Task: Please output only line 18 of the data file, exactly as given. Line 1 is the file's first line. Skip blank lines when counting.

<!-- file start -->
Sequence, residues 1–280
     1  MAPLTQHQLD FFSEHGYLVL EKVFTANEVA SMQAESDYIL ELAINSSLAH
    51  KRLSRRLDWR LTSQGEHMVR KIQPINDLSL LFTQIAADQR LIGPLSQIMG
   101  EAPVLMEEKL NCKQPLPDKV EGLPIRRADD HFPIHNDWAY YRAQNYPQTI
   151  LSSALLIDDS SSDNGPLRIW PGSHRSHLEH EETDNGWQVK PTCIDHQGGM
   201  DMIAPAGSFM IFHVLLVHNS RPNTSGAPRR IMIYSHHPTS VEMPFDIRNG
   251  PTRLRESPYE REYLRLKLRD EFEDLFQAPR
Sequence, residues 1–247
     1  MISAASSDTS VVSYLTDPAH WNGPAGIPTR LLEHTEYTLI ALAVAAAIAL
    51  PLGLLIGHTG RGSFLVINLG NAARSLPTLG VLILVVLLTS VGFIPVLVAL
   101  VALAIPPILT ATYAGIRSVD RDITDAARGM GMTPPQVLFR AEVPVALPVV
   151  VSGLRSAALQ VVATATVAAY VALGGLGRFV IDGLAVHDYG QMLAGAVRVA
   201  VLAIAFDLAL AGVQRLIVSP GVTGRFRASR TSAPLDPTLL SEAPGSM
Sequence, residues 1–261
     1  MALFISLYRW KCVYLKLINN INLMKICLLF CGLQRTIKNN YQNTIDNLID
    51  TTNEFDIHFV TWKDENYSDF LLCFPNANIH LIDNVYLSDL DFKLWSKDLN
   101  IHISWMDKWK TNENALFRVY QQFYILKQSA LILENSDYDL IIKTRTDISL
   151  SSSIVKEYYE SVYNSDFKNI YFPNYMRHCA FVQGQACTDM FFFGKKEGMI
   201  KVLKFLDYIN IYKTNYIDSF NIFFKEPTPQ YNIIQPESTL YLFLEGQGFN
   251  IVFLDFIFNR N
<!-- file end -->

   151  SSSIVKEYYE SVYNSDFKNI YFPNYMRHCA FVQGQACTDM FFFGKKEGMI